Quite a few of the classes in the API (some 57 classes or so) are declared in this way. A telling example is the class java.lang.String. String is declared as implements Comparable<String> (and some other interfaces actually), so String objects can be asked to compare themselves with other String objects. The compareTo() implementation in String returns value comparing the contents of the strings lexicographically which is a lot like alphabetical comparisons. This allows us to sort collections of Strings according to the spelling.

The choice of the name for this interface also allows us to talk about Strings in a way which is close to how we speak in plain English. We say that String objects "are comparable".

This turns out to be very useful, because this means that the interface Comparable<SomeClass> works as a promise about objects which have this type. All objects of a class which implements the Comparable interface will have a functioning compareTo() method implementation! This fact is used by some static methods for sorting lists and arrays. In order to sort the elements of an array, we need to compare all the elements to each other in some way, which is where the compareTo method comes in play. The authors of such a sorting method can use the Comparable interface as a contract, saying I can sort arrays if the elements are Comparable (that is, have the compareTo() method). The clients to the sorting method will have to fulfill their part of the contract and implement the compareTo() method.

The thing which is so good about this, is that using the abstraction of "being comparable", the authors of the sorting method don't have to have any other information about the elements in the array to sort, other than that the elements have a compareTo() method! So a good use of interfaces is that it allows us to agree on some capabilities of a group of objects, without caring at all about all the other information about these objects.

Another good thing about this, is that it is very easy for us to fulfill the contract of "being comparable". We simply have to read the documentation of the Comparable interface, and see what methods do we have to implement. In this case, only one method, the compareTo() method. So we can very easily create totally new classes which implement Comparable and they will work just fine with the sorting method which was written long before we even came up with the idea for our classes.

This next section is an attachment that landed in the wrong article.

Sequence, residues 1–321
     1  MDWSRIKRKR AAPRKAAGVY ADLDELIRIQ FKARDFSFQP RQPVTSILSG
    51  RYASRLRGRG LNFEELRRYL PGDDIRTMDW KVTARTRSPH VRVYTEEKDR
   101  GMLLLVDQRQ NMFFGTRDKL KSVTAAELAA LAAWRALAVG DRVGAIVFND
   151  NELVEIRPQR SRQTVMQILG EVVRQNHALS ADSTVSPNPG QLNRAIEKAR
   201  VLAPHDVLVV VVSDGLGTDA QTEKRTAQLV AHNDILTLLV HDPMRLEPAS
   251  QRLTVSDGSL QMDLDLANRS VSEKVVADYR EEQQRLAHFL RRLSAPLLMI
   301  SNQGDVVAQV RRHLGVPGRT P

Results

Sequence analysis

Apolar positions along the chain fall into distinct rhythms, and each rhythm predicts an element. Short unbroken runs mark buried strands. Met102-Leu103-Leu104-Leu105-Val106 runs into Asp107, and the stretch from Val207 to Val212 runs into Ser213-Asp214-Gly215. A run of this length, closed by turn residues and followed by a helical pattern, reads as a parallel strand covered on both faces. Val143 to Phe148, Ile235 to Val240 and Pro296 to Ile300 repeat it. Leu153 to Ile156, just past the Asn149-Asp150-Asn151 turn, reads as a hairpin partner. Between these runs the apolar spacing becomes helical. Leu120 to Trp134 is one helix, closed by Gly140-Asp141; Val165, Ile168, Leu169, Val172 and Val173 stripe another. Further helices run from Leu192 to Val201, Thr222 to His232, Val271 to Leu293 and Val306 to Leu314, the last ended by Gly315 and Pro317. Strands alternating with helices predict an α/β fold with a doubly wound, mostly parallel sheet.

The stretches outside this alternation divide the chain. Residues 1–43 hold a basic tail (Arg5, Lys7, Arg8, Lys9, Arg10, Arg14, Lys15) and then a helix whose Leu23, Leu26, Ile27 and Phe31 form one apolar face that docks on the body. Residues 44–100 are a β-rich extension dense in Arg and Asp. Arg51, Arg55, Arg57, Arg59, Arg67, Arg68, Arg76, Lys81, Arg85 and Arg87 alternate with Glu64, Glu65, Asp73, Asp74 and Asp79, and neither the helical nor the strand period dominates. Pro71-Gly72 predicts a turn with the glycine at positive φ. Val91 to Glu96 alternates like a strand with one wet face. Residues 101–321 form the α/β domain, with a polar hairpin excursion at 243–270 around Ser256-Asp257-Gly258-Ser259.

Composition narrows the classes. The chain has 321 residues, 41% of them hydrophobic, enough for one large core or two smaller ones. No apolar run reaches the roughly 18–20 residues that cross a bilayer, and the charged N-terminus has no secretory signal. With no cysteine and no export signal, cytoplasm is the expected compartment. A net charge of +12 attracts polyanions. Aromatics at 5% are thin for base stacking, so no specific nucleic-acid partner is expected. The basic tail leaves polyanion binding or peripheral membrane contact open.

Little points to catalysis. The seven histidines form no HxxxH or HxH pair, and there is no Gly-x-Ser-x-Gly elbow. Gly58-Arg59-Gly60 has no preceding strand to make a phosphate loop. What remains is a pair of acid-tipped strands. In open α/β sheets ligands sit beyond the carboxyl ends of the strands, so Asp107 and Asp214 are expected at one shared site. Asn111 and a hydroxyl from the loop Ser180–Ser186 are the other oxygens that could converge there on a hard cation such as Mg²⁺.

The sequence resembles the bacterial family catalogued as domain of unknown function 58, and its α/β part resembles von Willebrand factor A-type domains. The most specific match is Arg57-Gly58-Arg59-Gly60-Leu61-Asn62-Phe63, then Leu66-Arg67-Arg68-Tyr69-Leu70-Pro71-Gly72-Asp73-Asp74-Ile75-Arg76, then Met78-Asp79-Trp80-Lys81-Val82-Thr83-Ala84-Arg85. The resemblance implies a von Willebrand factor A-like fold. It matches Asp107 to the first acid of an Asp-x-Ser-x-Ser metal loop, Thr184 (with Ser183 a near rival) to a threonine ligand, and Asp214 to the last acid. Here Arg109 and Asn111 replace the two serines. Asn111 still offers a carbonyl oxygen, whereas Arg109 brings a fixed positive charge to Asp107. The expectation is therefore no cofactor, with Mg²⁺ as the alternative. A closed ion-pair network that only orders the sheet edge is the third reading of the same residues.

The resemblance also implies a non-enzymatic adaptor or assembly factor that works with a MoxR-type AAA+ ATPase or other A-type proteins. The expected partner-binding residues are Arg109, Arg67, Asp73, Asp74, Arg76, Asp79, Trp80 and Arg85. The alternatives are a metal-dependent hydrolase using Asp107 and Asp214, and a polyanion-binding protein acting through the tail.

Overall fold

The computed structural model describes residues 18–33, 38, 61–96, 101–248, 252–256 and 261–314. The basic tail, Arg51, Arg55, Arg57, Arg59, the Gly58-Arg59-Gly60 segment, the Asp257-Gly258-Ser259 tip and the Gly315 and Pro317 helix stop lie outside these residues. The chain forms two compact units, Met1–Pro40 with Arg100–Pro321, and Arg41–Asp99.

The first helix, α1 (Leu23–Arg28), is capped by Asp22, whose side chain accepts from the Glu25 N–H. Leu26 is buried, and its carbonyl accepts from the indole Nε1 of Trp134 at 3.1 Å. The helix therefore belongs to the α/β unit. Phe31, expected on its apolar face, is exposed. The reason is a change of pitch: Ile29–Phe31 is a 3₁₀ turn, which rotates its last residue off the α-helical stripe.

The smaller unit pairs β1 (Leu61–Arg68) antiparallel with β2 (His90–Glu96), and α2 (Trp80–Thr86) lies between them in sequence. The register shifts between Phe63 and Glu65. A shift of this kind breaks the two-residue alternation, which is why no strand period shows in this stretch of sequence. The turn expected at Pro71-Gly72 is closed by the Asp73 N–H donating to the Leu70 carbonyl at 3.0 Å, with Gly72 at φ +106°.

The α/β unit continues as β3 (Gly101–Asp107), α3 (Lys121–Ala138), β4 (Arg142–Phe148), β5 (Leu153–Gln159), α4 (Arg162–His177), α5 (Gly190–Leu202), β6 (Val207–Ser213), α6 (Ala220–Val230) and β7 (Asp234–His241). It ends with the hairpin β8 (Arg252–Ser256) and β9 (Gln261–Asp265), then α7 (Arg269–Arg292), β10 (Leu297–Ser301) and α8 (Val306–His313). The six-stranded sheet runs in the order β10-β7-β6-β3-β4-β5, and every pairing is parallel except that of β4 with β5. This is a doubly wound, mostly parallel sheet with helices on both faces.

Another useful thing about interfaces, is that we can implement more than one interface, while we can only extend one class at the time using inheritance. Interfaces don't have many of the problems of classes using inheritance, because the interfaces work on a very abstract layer. They only list what methods must exist in classes implementing the interfaces. There is no hassle with constructors and initialization of objects (which we've seen exist using inheritance), because interfaces are not used for creating new objects. They are only meant to be used as a reference type based on behavior (what methods must exist).

Chapters on the topic of Interfaces

You can check your progress on this chapter using this list:

Videos

Note: There is only one English video for this chapter, as well as only one Swedish video. More may be added later.

English videos for this chapter

Swedish videos for this chapter

Look ahead! - Topic Interfaces - all videos from all chapters

All videos in this topic's chapters.

All interface chapters English videos

All interface chapters Swedish videos

See above and on each chapter page for individual links to the videos per chapter.

Links

Further reading

Where to go next

Next page has exercise for this chapter: Interfaces - Introduction - Exercises